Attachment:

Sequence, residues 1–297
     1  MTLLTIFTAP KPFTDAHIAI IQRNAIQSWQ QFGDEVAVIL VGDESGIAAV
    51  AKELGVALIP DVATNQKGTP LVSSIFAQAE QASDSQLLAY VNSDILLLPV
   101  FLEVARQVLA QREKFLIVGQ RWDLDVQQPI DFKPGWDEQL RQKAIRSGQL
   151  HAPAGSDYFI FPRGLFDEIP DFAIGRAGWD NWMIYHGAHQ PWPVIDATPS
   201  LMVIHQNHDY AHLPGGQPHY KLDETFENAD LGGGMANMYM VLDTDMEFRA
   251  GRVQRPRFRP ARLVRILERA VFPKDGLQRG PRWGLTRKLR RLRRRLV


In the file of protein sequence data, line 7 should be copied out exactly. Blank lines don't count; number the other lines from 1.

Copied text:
   251  GRVQRPRFRP ARLVRILERA VFPKDGLQRG PRWGLTRKLR RLRRRLV